Ds- John & William Penn Sell Pa Land, Sgd War 1812 Mayor Pa. For Sale
Vellum document, March 31, 1812, Philadelphia, regarding the sale of an alley way in Easton, PA by John Penn, William Penn, and Juliana Catharine Penn (all heirs of William Penn, the founder of Pennsylvania) to Jacob Hart. Signed by John R(eynell) Coates (1777-1842) on behalf of the three Penns as their Attorney. Also signed by John Geyer (1777-1835) Mayor of Philadelphia during the War of 1812, and Tobias Scheonheit and Frederick Beates as witnesses. The document provides, in part: "This indenture...between the Honorable John Penn of Stoke Poges in the County of Bucks in the United Kingdom of Great Britain and Ireland one of the late Proprietaries of Pennsylvania by John R. Coates of ... Philadelphia Esquire his attorney... and the Honorable William Penn, Eldest son and heir at law of Richard Penn deceased who was the Brother and heir at law of John Penn deceased the other of the late Proprietaries of Pennsylvania and Juliana Catharine the wife of the said William Penn... by the said John R. Coates their attorney ... for in consideration of the sum of [$28.03] lawful money of the U.S... have granted... unto Jacob Hart ... a twenty feet wide Alley.... in the Borough of Easton...."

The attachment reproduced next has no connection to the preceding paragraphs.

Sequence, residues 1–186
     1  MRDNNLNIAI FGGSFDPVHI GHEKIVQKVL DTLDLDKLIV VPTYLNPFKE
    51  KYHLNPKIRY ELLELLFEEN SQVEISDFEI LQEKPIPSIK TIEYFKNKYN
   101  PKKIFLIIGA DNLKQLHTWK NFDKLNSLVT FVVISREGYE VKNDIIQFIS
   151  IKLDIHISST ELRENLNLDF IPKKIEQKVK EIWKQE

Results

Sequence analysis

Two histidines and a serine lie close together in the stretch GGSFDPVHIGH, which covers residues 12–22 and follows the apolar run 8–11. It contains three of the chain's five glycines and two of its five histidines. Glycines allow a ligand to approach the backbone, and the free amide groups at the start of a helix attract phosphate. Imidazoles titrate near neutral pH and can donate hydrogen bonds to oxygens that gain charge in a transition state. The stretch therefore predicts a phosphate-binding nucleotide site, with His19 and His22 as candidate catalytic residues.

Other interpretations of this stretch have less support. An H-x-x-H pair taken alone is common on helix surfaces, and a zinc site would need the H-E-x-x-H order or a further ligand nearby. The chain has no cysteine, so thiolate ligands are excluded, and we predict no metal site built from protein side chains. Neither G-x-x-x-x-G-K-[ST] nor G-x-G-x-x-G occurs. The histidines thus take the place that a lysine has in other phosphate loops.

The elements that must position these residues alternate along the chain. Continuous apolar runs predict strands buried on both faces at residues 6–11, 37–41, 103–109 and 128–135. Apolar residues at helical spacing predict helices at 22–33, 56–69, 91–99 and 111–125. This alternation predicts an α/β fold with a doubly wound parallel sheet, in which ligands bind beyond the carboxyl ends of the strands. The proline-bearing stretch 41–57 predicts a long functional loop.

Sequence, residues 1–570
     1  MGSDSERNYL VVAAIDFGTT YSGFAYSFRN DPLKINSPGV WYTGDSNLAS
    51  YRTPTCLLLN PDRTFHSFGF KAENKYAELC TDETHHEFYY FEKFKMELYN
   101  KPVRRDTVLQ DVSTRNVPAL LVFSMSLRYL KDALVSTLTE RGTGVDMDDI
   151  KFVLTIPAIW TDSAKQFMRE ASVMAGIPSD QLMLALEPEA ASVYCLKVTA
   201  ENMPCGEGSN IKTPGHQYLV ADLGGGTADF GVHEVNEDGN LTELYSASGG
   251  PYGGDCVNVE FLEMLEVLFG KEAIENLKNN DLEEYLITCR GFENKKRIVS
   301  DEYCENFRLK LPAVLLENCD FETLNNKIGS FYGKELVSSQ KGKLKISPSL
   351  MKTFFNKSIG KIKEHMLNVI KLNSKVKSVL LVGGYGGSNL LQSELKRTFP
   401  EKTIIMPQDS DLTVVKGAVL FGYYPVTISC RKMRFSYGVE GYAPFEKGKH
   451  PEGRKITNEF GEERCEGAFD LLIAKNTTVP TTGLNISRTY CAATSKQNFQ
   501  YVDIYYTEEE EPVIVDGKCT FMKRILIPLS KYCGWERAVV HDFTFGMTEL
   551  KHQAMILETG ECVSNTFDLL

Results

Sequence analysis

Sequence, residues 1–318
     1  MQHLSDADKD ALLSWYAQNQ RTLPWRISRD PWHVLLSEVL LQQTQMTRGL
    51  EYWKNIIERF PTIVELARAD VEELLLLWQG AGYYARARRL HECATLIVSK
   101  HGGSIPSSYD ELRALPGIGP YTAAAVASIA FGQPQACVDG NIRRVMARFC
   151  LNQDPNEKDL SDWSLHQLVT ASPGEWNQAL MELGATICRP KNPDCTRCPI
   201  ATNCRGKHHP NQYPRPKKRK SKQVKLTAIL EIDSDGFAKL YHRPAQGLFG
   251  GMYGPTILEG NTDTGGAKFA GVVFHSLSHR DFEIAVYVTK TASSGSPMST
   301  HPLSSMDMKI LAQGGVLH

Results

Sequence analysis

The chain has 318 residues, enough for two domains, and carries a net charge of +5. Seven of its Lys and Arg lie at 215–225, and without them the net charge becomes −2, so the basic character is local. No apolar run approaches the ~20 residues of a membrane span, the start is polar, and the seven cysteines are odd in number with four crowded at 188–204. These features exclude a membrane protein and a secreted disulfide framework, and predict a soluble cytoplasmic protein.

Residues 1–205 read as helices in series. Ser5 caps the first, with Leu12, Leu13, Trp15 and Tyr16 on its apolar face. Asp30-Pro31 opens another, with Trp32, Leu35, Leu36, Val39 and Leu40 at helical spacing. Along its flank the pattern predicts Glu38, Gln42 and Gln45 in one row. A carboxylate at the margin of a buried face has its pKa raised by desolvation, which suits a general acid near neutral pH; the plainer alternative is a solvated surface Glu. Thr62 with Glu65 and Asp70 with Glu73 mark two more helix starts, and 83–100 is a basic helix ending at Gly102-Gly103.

The charter granted in 1681 by Charles II to William Penn vested in the latter and his heirs the absolute ownership of all the land in Pennsylvania, with comparatively slight exceptions. From then until July 4, 1776, all titles to that land were derived either from Penn himself or some of his family. The John Penn (aka John Penn of Stoke Pogis) (1760–1834) referenced in this document was the grandson of William Penn, the founder of PA, and the son of Thomas Penn. He was educated at Eton from 1773-6, and Cambridge from 1776-79. He was the chief proprietor of Pennsylvania just before the start of the Revolutionary War (having inherited 1/2 of the property in PA upon his father's death). He and his 1st cousin, also named John Penn ("John Penn the Governor") held unsold property, of 24,000,000 acres which the Pennsylvania legislature confiscated after the Rev. War. He came to Pennsylvania in 1782 and built a country house called "Solitude" (which today is part of the Philadelphia Zoo). He remained in the U.S. until 1788, returning to Great Britain in 1789 after receiving £95,000, his share of the compensation for the proprietorship by the Pennsylvania government. He also received compensation from Parliament for their losses in Pennsylvania. In England he led the life of a wealthy dilettante, writing plays, poems and literary criticisms. In 1798 Penn he was appointed as High Sheriff of Buckinghamshire. He was a Member of Parliament from 1802-05 and in 1805 he was appointed governor of the Isle of Portland. He died a bachelor in 1834 and his estate went to his brother, Granville Penn. The William Penn (1776-1845) referenced in this document was the oldest son of Richard Penn, Jr. (1734-1811) Lt. Gov. of PA, grandson of Richard Penn, Sr. (1706-71) and great-grandson of William Penn (1644-1718) founder of Pennsylvania. He was entered at St. John's College, Cambridge, but did not take his degree. For a while, he served as a Captain in the Surrey militia. In 1808 he came to Philadelphia with his father, Richard Penn, Jr. and stayed through 1812, the year of this document. In August 1809 he married Catharine Julia (or Juliana Catharine) Balabrega of Philadelphia, the other "Penn" referenced in this document. William pressured the Rev. Dr. James Abercrombie, rector of Christ Church in Philadelphia, to perform the marriage upon a moment's notice, which Abercrombie did, reluctantly. [Abercrombie later published a pamphlet describing the marriage and obtained letters from a Bishop and attorney justifying his performing the marriage]. No reason was given by William for the quick marriage. The Bishop thought the self-imposed "shot gun" marriage was because William had a guilty conscious for having engaged in "faulty conduct" with Juliana, and wanted to make it right. An August 1812 letter from William to John Penn of Stoke Poges (the other person signing this document) indicates that he really was in love with Juliana. In this same letter, William offered to sell all his interest in Pennsylvania to John in return for an annuity from John. John turned the offer down. Upon the outbreak of War with America, William returned to England and lived in England for the remainder of his life. He and Juliana had no children. Back in England he lived above his means, came to love wine too much, and went into debt. When not in debtor's prison, he wrote small articles in various periodicals, such as the Gentleman's Magazine, under the pen name "the Rajah of Vaneplysia." Notwithstanding his financial difficulties, his friends included King George IV and other nobility who appreciated his keen mind and intellect. He died in London in September 1845. Little is known of Juliana and she faded into obscurity.